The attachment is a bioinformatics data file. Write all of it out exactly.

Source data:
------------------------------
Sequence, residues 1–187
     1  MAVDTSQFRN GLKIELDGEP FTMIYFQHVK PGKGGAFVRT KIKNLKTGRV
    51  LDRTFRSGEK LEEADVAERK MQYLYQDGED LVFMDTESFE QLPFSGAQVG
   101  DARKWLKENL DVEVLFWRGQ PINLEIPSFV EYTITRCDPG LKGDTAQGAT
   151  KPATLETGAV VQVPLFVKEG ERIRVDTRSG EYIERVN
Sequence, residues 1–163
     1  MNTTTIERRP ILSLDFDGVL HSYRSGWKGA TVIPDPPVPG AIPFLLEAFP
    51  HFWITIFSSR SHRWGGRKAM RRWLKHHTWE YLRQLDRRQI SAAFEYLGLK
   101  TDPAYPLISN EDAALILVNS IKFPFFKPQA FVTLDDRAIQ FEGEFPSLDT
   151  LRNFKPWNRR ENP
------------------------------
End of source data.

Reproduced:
Sequence, residues 1–187
     1  MAVDTSQFRN GLKIELDGEP FTMIYFQHVK PGKGGAFVRT KIKNLKTGRV
    51  LDRTFRSGEK LEEADVAERK MQYLYQDGED LVFMDTESFE QLPFSGAQVG
   101  DARKWLKENL DVEVLFWRGQ PINLEIPSFV EYTITRCDPG LKGDTAQGAT
   151  KPATLETGAV VQVPLFVKEG ERIRVDTRSG EYIERVN
Sequence, residues 1–163
     1  MNTTTIERRP ILSLDFDGVL HSYRSGWKGA TVIPDPPVPG AIPFLLEAFP
    51  HFWITIFSSR SHRWGGRKAM RRWLKHHTWE YLRQLDRRQI SAAFEYLGLK
   101  TDPAYPLISN EDAALILVNS IKFPFFKPQA FVTLDDRAIQ FEGEFPSLDT
   151  LRNFKPWNRR ENP